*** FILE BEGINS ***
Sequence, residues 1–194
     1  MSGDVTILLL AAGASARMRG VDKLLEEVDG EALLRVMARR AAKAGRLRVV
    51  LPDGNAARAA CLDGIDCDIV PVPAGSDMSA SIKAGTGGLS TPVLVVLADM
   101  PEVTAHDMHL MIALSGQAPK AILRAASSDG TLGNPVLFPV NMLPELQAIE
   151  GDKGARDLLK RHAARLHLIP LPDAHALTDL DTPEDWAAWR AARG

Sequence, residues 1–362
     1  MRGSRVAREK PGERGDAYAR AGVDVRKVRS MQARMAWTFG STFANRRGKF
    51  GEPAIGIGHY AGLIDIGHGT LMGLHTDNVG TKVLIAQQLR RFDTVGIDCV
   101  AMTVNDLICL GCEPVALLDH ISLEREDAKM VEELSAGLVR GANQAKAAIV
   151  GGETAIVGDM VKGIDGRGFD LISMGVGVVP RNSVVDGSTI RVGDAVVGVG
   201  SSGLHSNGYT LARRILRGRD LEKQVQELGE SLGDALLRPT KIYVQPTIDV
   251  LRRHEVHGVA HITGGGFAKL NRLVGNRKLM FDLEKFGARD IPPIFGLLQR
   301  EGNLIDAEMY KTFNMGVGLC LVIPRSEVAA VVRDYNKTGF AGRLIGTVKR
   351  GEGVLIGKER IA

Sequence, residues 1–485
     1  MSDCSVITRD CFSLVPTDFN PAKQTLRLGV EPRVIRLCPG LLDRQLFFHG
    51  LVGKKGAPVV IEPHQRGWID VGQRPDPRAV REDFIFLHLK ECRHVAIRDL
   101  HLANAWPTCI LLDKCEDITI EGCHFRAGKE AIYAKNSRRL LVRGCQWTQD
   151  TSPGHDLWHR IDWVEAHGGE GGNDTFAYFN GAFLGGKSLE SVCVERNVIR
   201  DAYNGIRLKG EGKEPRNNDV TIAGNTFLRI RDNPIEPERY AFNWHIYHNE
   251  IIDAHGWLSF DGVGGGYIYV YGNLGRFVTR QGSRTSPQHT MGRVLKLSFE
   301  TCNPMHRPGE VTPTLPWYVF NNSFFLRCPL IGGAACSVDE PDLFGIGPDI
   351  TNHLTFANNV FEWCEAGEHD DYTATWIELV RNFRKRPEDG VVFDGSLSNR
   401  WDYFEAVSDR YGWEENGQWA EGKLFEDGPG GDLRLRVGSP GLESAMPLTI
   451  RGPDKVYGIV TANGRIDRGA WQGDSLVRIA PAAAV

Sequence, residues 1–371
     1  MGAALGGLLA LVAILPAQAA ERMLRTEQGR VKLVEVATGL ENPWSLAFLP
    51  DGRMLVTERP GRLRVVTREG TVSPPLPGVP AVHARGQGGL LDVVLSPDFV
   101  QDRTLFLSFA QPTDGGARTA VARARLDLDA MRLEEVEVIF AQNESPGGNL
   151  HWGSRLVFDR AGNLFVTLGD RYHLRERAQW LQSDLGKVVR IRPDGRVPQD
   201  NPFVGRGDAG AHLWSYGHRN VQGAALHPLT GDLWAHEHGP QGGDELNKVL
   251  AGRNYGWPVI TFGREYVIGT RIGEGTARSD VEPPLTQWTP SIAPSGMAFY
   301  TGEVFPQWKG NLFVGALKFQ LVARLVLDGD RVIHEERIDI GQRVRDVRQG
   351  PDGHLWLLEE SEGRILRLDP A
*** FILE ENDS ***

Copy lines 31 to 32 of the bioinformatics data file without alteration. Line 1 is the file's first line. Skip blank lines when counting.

   201  NPFVGRGDAG AHLWSYGHRN VQGAALHPLT GDLWAHEHGP QGGDELNKVL
   251  AGRNYGWPVI TFGREYVIGT RIGEGTARSD VEPPLTQWTP SIAPSGMAFY